Shaffer identified several reasons contributing to this disparity: Although pension agents and attorneys were paid on a contingent basis, there were still upfront costs of notary fees and often travel (applicants for disability payments had to be examined by government-approved doctors). Because slaves were not legally permitted to be educated in antebellum America, almost all black applicants were illiterate and needed assistance in filling out the required forms. In addition to the notorious misspellings of names in 19th century records, many soldiers changed their names when they gained their freedom. When the government checked the name of the applicant against the muster rolls of the regiment to make sure he had actually been a soldier as claimed, a discrepancy in the name required further explanation and sometimes a field investigation to preclude fraud.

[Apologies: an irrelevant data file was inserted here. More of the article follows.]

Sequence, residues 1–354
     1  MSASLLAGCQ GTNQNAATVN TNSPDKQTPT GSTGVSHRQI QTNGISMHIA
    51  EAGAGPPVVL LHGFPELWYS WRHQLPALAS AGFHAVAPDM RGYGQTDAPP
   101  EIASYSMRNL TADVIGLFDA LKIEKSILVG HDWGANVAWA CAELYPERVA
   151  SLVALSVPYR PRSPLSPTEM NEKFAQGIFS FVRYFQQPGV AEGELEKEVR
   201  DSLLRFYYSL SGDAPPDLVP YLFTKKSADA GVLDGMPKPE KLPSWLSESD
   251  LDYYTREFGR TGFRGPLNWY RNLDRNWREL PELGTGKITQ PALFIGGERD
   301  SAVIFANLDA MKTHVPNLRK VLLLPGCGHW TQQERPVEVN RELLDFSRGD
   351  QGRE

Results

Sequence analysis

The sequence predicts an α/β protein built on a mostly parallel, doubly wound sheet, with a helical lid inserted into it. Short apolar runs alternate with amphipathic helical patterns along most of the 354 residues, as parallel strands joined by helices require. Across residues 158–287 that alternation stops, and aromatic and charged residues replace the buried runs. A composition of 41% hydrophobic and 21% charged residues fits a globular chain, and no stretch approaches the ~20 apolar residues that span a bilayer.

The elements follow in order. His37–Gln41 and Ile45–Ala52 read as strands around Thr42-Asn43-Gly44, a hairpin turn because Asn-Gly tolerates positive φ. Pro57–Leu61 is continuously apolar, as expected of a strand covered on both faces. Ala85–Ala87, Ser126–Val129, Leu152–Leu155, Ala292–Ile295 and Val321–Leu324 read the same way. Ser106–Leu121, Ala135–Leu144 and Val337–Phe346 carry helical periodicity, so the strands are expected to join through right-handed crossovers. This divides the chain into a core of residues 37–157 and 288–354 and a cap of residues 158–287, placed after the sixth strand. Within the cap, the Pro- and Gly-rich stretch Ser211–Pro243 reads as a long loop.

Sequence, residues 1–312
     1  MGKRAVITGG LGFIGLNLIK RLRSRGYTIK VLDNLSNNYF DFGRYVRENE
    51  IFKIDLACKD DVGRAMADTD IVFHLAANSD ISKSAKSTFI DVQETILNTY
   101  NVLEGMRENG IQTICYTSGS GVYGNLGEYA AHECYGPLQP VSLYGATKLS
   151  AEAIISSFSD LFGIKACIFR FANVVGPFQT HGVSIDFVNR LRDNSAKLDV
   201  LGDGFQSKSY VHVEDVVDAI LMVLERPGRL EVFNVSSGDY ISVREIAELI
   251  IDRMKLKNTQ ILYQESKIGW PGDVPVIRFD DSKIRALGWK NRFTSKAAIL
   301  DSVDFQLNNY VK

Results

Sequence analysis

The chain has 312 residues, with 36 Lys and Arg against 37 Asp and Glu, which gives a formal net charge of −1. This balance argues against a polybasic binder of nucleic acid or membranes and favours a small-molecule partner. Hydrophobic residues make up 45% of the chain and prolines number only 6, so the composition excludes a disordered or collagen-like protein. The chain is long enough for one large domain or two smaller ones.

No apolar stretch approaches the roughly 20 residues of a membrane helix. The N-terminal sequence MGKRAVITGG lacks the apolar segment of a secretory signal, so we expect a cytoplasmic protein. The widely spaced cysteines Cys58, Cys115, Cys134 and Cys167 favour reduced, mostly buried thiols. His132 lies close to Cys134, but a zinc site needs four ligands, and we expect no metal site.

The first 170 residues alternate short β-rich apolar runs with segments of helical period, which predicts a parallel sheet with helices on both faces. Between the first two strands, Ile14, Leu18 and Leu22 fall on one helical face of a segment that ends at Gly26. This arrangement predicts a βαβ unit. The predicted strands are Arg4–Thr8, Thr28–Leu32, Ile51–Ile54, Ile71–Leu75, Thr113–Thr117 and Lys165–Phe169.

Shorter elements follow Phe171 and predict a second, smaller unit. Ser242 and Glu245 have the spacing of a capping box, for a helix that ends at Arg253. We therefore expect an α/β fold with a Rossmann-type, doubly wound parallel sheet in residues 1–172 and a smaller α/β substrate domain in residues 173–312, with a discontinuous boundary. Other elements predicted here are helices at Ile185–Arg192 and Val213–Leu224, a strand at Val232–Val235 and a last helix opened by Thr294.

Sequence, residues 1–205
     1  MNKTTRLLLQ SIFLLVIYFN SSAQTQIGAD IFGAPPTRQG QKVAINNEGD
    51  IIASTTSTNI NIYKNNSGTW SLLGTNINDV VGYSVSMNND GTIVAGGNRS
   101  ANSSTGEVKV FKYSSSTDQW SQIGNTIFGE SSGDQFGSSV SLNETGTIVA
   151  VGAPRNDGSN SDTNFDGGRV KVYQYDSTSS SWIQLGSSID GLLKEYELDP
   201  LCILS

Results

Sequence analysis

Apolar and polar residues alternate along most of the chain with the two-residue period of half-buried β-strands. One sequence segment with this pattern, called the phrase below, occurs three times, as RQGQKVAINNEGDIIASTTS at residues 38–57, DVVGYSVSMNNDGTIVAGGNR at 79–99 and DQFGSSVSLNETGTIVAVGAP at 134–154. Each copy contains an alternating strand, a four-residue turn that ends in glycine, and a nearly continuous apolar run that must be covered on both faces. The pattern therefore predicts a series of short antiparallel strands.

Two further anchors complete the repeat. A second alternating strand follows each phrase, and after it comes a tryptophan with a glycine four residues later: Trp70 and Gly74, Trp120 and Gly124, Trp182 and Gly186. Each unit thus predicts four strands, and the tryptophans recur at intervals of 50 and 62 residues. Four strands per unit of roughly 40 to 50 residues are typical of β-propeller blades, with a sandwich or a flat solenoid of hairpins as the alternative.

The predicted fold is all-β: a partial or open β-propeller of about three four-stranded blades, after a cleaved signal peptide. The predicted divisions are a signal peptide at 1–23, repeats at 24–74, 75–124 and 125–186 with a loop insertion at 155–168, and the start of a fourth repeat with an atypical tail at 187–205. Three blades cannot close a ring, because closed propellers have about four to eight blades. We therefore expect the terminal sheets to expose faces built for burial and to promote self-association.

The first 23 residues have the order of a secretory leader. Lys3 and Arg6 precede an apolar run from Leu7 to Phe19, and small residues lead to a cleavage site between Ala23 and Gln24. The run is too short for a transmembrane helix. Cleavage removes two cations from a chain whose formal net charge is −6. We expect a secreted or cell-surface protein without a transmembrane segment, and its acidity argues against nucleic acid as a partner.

Children and wives encountered added hurdles. A child’s benefits due for a father who died in the war extended only to his or her 16th birthday. Therefore, it was important to know the child’s exact date of birth. Such records were simply not kept for slaves and applicants had to rely upon the affidavits and testimony of other family members, neighbors, and sometimes former owners. Likewise, slave marriages were not legally sanctioned in antebellum slave states. Special provisions of the pension laws provided that for “widows and children of colored and Indian soldiers and sailors there need be no other evidence of marriage than satisfactory proof that the parties were joined in marriage by some ceremony deemed by them obligatory, or habitually recognized each other as man and wife, and were so recognized by their neighbors, and lived together as such up to the date of enlistment.” Such proof was also sufficient to show their children were legitimate.